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October 01, 2002 - Image 5

Resource type:
The Michigan Daily, 2002-10-01

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October 1, 2002



'In-Laws' coming to visit
your television set on NBC


By Douglas Wernert
For the Daily
In the television world, the one story that always
seems to generate a laugh is the outrageous behavior
of the main characters' parents. From George Costan-
za's parents on "Seinfeld" to Homer Simpson's dad on
"The Simpsons," the antics of the old folks are pure
gold. However, too much of one thing can be harmful
as well, and that's what happens with "In-Laws," a
new NBC comedy. To sum up this new
show; if you've seen the movie "Meet
the Parents," you've pretty much seen
"In-Laws" already. *
The cast isn't the problem. Matt (Elon
Gold) does an acceptable job as the son- IN-]
in-law who tries to stand up for himself,
overcome his nervousness and get the Tuesday
dad to like him. It's not easy when his N
overbearing yet subtly humorous father-
in-law (Dennis Farina, "Get Shorty") is coughing up
30 grand so Matt can go to cooking school. In addi-
tion, Matt and wife Alex (Bonnie Sommerville) are
now living in their house. To make matters worse,
S "Mom" (Jean Smart) is getting involved in the real

estate business and is abandoning her household
duties and also her first-person references (she calls
herself Marlene).
The problem is in the writing itself. "In-Laws"
is the type of show that would be one episode on
any other typical American sitcom, but when you
try to make a series out of it, recycled ideas
aren't too far behind. "Private convo time" where
the father (whose name in never revealed, by the
way) reprimands Matt for his actions feels like a
scene from countless previous tele-
vision shows. Also, the scene where
the father walks in on the newly
- married couple "consummating
their vows" is too cliche and played
AWS out. In addition, Alex's character has
no choice but to be the supporting,
at 8 p.m. mediating wife who tries to keep
C Matt and Dad from hating each
other. The plot has no depth and the
conflict is not blatantly expressed, so when the
anti-climatic final scene commences, the viewer
is left to think to themselves "OK ... that's it?
What happened?"
The father's soft spot for his daughter and his

Welsh is a modemn master


The enemy.

expressions of emotion about this are the only
humanistic elements present in this half-hour of
half-laughs. Watching "In-Laws" is like watching
home movies: Not bad the first time, but nothing
you really want to see again and again, because
eventually, it begins to repeat itself.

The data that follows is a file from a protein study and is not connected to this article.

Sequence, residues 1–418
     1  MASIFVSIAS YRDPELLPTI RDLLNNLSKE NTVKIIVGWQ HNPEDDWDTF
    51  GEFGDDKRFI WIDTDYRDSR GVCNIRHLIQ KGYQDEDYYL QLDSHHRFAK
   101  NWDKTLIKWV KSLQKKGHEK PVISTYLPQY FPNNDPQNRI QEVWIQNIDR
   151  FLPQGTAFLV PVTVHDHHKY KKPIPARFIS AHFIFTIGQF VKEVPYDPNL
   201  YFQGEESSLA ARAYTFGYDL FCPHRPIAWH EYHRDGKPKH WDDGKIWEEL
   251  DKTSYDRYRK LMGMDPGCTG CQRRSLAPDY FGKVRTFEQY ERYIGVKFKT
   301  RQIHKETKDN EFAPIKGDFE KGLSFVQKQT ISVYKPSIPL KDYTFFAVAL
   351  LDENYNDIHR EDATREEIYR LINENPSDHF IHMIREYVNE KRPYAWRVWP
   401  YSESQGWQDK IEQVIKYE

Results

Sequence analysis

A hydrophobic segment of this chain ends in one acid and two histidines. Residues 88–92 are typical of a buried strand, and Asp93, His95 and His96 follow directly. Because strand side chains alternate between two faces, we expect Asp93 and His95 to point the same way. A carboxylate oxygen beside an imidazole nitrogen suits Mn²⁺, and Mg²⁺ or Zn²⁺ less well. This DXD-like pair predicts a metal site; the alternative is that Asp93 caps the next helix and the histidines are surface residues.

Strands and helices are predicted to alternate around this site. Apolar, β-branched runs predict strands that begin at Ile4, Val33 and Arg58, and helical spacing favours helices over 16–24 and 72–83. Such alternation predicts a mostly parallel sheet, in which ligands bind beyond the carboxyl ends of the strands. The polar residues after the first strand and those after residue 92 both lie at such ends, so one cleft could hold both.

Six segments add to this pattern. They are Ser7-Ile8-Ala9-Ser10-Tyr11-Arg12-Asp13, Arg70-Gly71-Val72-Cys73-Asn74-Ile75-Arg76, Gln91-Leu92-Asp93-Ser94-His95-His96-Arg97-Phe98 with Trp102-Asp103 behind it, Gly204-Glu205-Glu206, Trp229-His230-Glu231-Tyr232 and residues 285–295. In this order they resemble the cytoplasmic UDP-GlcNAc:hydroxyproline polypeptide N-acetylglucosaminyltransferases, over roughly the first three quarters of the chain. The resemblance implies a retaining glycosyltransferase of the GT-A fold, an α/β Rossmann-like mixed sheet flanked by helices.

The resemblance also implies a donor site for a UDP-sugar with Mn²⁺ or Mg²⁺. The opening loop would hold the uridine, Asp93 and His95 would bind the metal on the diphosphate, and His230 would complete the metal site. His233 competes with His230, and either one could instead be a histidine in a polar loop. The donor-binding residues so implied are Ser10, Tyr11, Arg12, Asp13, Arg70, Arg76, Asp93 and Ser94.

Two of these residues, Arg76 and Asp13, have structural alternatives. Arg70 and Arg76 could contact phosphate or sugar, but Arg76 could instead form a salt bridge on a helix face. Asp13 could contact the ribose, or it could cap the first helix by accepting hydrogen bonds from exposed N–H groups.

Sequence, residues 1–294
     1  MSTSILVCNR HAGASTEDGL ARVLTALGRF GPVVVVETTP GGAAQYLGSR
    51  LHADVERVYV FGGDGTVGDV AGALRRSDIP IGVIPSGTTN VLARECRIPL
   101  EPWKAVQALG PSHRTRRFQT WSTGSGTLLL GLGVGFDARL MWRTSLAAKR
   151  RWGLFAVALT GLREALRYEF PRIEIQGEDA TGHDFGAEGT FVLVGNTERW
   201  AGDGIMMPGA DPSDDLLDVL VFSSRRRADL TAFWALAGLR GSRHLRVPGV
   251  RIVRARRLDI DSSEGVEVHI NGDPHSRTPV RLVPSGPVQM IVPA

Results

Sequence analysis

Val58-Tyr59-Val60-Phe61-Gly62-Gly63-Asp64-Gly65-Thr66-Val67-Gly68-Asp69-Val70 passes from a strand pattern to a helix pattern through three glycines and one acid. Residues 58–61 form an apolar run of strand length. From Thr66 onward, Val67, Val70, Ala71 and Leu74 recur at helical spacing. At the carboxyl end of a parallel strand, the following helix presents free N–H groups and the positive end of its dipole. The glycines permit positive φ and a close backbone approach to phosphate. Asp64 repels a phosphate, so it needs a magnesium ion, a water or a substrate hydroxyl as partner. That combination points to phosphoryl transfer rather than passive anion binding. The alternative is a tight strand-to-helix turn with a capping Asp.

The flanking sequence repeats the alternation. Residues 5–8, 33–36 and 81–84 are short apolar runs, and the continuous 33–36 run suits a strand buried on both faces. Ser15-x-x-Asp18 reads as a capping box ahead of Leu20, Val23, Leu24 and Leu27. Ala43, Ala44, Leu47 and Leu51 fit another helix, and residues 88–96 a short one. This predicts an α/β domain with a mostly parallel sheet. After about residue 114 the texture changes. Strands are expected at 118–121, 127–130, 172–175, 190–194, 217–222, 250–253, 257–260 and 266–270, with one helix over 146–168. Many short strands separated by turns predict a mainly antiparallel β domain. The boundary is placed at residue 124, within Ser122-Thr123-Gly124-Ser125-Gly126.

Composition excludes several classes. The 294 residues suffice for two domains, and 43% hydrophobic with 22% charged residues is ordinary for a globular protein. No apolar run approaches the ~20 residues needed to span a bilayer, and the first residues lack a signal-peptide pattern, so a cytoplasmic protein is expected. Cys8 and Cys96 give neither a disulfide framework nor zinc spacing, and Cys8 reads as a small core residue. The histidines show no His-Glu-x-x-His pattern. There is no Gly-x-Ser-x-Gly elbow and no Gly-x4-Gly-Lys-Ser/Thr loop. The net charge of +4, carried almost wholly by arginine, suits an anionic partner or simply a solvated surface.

Comic look at suburbia in 'Hidden Hills'

ile perusing the shelves of
Princeton University's Barnes
& Noble this summer, I stum-
bled upon the Continuum International
Publishing Group's critical analysis of
Irvine Welsh's "Trainspotting." Delight-
ed that I had discovered the store's last
copy of the book, I made a frenzied rush
to the purchase counter, my cultish
obsession with one of Generation X's
greatest stories overwhelming me. I sped
home to consume Robert A. Morace's
brief, but penetrating critique along with
a large Scotch and water. But when'I was
finished, I was disappointed.
I was disappointed because Morace.
did not say anything I did not know
about the phenomenon that is
"Trainspotting." I already knew that
Irvine Welsh is the greatest writer the
last decade has produced. I already knew
that he is the spokesman for an entire
generation born from acid house, post-
modernism and heroin chic. I already
knew that he somehow touched the lives
of the alienated and the apathetic with
strong Scottish burrs and excessive
usage of the word "cunt." Perhaps, the
only thing that I had not realized, howev-
er, was why. But my ownership of the
"Continuum Contemporaries" guide to
"Trainspotting" didn't help me one bit.
For the answer to the question, I had to
look at the language of text.
The harshness of Welsh's Edinburgh
vernacular and the candidness of his char-
acters make his stories - "Trainspot-
ting," "Filth, "Glue" et al - more real
than a shooter's needle breaking a vein.
No pussyfooting, no bullshit - just the
reality of life in the projects of Leith. That
is how Irvine Welsh manages to recycle
characters, to deal with the same issues of
football hooliganism, drugs, sex and more
drugs again and again. Euphemisms do
not exist in Welsh's world, nor do empty
promises about the grandeur of life.
Pornographic it is not. Gritty? Hell yes it
is, and you had better be able to accept the
realities of life if you want to touch one of
Welsh's books.

Every time I read and re-read one of
the Scotsman's novels, a wave of arro-